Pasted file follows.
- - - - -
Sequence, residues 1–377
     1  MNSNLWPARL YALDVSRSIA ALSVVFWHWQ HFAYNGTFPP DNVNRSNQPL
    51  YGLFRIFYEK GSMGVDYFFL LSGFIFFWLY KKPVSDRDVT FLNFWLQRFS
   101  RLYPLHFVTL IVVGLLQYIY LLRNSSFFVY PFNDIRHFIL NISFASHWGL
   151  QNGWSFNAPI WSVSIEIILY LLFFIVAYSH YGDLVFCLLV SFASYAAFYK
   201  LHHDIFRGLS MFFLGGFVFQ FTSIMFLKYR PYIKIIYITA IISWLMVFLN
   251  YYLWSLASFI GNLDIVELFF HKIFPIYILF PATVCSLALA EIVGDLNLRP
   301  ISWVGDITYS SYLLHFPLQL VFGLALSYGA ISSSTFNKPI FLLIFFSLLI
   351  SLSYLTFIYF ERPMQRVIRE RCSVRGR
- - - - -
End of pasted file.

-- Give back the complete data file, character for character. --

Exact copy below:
Sequence, residues 1–377
     1  MNSNLWPARL YALDVSRSIA ALSVVFWHWQ HFAYNGTFPP DNVNRSNQPL
    51  YGLFRIFYEK GSMGVDYFFL LSGFIFFWLY KKPVSDRDVT FLNFWLQRFS
   101  RLYPLHFVTL IVVGLLQYIY LLRNSSFFVY PFNDIRHFIL NISFASHWGL
   151  QNGWSFNAPI WSVSIEIILY LLFFIVAYSH YGDLVFCLLV SFASYAAFYK
   201  LHHDIFRGLS MFFLGGFVFQ FTSIMFLKYR PYIKIIYITA IISWLMVFLN
   251  YYLWSLASFI GNLDIVELFF HKIFPIYILF PATVCSLALA EIVGDLNLRP
   301  ISWVGDITYS SYLLHFPLQL VFGLALSYGA ISSSTFNKPI FLLIFFSLLI
   351  SLSYLTFIYF ERPMQRVIRE RCSVRGR